Working Paper

Multinationals Expansion, Shareholding Choice, and Local Know-How Link

The shareholdings of French multinational enterprises (MNE) differ across destination countries and across individual MNE's life cycles. The average shareholdings are larger in countries that are highly-developed, geographically, and culturally closer to France; productive MNEs match with productive local firms; MNEs follow a gradual internationalization process where foreign experience increases the average shareholdings of following affiliates and the probability of wholly-owning. I build and calibrate a dynamic model featuring heterogeneous firms in both mobile know-how (MKH), transfer of local know-how (LKH) from partners, and accumulation of LKH for future entries. The composition of LKH and MKH determines MNE's entry decision. The distribution of LKH and MKH generate a positive assortative matching pattern as in the data. Compared with a static model, the dynamic model predicts a much larger contribution of LKH and production loss to ownership restriction, which cannot be recovered using static data. In a counterfactual where the LKH transfer cost of Romania is set equal to Germany, French MNE production will increase by 80%, where 30% comes from dynamic effects.



Agglomeration Externalities and Industry Concentration Dynamics, with Dan Lu Link

Manufacturing industries are highly concentrated geographically, and firms in larger regions are larger and grow faster. We focus our study on the effect played by the agglomeration: producers benefit from the existence of nearby producers. Empirically, this paper uses Chinese Census of Industries data to provide evidence of region-size premium on entrant number, sales and sales growth rate, and a changing industrial concentration. Theoretically, this paper builds a dynamic model where firms make location choices, and the agglomeration effect determines how fast firms update their technology. In the calibration, we infer natural advantage changes from observed entrant shares and identify the model-based agglomeration effect using the correlation between the average sales growths and entrant share growths. We simulate the model to match China's entrant share changes from 1998 to 2007. Quantitatively, we show that agglomeration effects can explain one-fourth of the firm-level productivity growth, one-eighth of the sales growth, and two-thirds of the average productivity difference in the largest regions (5th quantile) versus the smallest regions (1st quantile).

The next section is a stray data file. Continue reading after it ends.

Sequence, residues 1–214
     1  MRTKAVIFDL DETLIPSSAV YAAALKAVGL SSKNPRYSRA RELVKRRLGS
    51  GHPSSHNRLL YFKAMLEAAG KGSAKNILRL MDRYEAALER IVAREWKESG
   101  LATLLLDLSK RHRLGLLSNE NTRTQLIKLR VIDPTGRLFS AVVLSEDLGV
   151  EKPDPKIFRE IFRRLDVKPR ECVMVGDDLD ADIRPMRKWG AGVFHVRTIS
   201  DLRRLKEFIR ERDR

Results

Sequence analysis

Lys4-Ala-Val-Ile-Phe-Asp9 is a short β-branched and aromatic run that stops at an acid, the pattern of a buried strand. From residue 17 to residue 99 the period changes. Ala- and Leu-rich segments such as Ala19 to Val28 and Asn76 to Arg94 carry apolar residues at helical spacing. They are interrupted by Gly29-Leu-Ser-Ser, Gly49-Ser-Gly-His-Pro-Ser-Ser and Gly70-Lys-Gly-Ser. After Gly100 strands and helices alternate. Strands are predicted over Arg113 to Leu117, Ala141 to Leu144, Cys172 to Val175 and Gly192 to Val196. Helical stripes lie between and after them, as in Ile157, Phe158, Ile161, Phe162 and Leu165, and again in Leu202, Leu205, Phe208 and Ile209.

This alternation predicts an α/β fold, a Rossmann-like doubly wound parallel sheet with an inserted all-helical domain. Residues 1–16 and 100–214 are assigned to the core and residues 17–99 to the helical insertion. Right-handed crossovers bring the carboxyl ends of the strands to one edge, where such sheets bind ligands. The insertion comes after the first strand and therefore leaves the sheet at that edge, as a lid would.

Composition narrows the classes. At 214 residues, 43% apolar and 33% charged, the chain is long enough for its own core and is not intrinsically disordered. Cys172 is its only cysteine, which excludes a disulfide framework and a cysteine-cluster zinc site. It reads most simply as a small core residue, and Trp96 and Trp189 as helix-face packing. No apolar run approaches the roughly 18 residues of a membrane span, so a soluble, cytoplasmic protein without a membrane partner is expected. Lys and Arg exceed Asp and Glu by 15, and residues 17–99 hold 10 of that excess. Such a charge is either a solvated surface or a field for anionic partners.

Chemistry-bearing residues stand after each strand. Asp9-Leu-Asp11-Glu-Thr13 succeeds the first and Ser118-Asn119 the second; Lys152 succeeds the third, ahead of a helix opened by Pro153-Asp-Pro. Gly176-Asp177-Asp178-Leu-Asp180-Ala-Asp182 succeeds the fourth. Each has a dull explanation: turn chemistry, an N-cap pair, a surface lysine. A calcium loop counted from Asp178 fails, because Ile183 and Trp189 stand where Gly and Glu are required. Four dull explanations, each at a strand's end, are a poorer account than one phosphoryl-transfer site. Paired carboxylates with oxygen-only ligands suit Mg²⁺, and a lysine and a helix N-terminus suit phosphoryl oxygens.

Work in Progress:

What Do Alibaba Data Tell Us about Quality Growth in China, with Mark Bils, Min Fang, & Zinbin Huang

Does the Consumer Price Index (CPI) inflation for consumer durables reflect quality growth or inflation? This well-known question lies at the core of evaluating inflation and quality growth over time, which are essential for macroeconomics. In this project, we try to account for quality growth in measuring inflation. As we know, households can substitute for low-quality goods with high-quality ones. If we do not account for quality changes when calculating the inflation, it can lead to an overestimation of the "pure" price increase. The problem is even more severe in developing countries with fast economic growth. In this study, we participate in the Huoshui Research Plan in Alibaba Group and get detailed sales data for different brands and models of mobile phones in different regions. We first measure quality growth and how much it contributes to the mobile phone’s overall price growth. In the next step, we want to use data set with a broad category of commodities from Alibaba and quantify the quality and price growth for China’s whole retailing market.

Conglomerate Market Power, with Min Fang, & Xiaomei Sui

We study how firms exert market power through their ownership network and its macroeconomics implications. We first document such empirical evidence using European firm-level data. We then build a dynamic model with heterogeneous firms, ownership networks, and endogenously variable markups. In the model, a controlling parent firm expands through both intensive margin in own production and extensive margin in acquiring/establishing subsidiaries. It then influences the production and pricing decisions of its subsidiaries through its corresponding voting right. As a result, a controlling parent firm exerts market power through its ownership network. We calibrate our model to match European firm-level data and quantify the mechanism. We find that market power is substantially underestimated without accounting for the ownership network. Finally, we show how the conglomerate market power affects the aggregate economy with respect to aggregate shocks and policy interventions.